Truth and Reconciliation and Motors and Katusha

When I look back over the last ten or so years of cycling’s less savoury side – I am talking, of course, about doping – a couple of things stand out, and they make me slap my forehead in frustration.  I’m fully aware my view isn’t the universal one, but bear with me.

There have been days in history when you see someone, or a people, grasping something, and writing a new chapter for themselves, in spite of huge opposition, and flying in the face of universal truths that say the status quo is the way it’ll be: the day the Berlin Wall fell, the end of the Ceausescus, Rosa Parks riding the bus.  Days made possible by a few brave people – and yes, many of whom had blood on their hands – determining to do something. 

Sometimes of course, it all goes horribly to shit.  After the dawns of the Arab Spring has come Syria’s long dark.  Hopefully, that story will have a better ending – or even any ending.

That critical time for cycling came years ago.  Yes, we’re in a better place now, but I can’t help but wonder at the opportunities missed to make it a better better place.

Who remembers, for example, when Bjaarne Riis and Erik Zabel held a tearful press conference, at a time when there was no hand of the law on their shoulders, they called it quite unbidden, to admit that they’d taken drugs, that they’d cheated, and they wanted to get it out of the way and help cycling move forward, to come to terms with its dark past?  If you do you’ll remember the thanks they got for it – Riis got asked for his jerseys back, and Zabel got kicked in the nuts.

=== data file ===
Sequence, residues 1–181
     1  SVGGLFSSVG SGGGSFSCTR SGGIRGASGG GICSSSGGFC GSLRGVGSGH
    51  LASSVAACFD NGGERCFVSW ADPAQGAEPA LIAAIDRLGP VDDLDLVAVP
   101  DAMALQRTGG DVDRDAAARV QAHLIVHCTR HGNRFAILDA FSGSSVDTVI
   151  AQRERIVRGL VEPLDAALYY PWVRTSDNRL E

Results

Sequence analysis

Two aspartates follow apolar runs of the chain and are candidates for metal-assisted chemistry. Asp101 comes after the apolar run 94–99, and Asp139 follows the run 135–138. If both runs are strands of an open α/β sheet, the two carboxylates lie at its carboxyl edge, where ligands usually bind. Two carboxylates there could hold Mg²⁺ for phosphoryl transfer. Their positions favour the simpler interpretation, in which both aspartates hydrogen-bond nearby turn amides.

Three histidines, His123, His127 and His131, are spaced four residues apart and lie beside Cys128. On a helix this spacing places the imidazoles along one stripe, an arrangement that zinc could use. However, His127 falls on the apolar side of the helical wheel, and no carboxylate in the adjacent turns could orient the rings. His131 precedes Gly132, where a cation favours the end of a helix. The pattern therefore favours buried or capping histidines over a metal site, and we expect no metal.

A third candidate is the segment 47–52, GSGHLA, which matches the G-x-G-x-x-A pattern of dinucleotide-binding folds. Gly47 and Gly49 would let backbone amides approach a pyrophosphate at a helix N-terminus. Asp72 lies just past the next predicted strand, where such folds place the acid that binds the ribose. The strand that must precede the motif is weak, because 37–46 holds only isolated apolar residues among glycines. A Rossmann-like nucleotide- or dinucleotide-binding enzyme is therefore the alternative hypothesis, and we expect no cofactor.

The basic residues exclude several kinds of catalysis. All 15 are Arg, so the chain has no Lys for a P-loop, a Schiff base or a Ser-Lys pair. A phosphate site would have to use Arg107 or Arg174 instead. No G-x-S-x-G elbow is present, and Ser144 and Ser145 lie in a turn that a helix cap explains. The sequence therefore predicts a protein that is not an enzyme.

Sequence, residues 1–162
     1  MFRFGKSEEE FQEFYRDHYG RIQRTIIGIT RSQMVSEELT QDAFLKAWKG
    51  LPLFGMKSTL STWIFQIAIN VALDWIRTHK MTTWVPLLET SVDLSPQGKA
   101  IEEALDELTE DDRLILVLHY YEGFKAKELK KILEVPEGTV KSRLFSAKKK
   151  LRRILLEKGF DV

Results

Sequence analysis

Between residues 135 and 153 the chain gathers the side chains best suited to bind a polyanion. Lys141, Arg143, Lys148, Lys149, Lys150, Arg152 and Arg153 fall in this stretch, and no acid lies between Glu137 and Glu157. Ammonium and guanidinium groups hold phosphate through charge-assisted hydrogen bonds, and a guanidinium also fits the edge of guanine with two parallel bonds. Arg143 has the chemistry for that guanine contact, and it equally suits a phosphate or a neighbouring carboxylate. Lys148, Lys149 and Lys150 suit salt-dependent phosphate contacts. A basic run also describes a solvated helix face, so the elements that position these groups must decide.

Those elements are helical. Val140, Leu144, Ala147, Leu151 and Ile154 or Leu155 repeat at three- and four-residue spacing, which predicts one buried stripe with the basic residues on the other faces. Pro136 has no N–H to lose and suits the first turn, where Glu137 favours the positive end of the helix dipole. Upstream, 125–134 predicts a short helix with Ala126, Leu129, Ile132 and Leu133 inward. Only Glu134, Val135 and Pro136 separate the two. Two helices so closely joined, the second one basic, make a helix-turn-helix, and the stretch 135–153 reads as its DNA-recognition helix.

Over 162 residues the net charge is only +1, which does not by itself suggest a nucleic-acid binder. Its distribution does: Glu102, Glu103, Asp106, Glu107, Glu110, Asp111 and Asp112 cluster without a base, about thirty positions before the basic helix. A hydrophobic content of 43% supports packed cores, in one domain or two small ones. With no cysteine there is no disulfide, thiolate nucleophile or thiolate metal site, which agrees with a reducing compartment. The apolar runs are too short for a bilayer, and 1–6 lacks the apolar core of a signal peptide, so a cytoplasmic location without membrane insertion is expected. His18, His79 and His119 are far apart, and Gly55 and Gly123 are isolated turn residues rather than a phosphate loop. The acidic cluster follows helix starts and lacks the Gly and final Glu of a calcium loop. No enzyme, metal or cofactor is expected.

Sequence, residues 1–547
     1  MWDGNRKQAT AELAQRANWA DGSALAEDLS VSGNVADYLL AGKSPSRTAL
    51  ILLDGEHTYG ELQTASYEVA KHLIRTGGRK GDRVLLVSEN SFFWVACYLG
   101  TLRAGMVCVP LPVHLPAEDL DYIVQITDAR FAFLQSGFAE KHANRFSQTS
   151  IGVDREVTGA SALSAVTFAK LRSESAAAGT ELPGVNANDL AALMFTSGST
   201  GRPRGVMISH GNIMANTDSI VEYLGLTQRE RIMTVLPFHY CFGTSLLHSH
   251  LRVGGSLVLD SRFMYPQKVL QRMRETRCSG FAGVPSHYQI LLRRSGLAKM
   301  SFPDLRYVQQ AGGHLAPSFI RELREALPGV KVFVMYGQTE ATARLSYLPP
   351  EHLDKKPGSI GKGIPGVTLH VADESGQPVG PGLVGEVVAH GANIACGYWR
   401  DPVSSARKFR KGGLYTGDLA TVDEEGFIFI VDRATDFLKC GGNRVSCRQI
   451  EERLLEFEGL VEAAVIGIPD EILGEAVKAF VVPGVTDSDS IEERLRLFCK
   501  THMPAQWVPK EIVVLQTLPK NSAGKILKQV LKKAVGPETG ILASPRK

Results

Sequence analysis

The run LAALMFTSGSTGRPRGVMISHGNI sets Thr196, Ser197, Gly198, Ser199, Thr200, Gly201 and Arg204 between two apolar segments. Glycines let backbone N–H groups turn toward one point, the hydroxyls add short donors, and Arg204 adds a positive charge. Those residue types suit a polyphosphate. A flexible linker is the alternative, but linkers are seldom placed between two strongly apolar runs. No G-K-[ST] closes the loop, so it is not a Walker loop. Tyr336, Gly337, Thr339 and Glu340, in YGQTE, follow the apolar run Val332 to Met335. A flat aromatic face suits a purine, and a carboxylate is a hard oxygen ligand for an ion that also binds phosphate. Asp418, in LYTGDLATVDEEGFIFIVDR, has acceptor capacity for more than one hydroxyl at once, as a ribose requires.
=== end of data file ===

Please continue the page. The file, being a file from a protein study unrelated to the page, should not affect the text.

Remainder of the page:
Then the UCI’s independent doping commission fell over because the UCI kept interfering to tell them what they could and couldn’t look at.  This was of course, the days of the Hein and Pat show, long may they be forgotten to rot in mediocrity, and there’s been more than a wisp of smoke for those looking for fire in that direction – covered up tests, and so forth.  The perception has been that Aigle was always more interested in Aigle than in cycling and cyclists.

Yes, some truths have come out.  Cycling is indisputably in a better place than it was.  But has it reconciled?  Has cycling answered the question: why did we dope?

And the answer is, no, we haven’t.  We haven’t got it out there that cycling was, in the sixties, a place where doping was legal – where to dope was to be nothing more than to be good professional.  We haven’t got it out there that the directeurs in the eighties and nineties were those same pros who’d raced in that era, and who prepared their riders in the same way, believing that the anti-doping regulations were sops to the marketing menand that no-one cared.  When Pedro Delgado got busted for Probenecid – a steroid masking agent – at the ’88 tour, he was allowed to continue racing, no questions asked.  Gert Jan Theunisse wasn’t so lucky at that tour though – he got busted for testosterone and received the eye-watering punishment of a ten minute penalty.  Those directeurs were right, and it would take the Festina affair and the police to spell it out to them that times had changed.

And so what did we do to change the culture?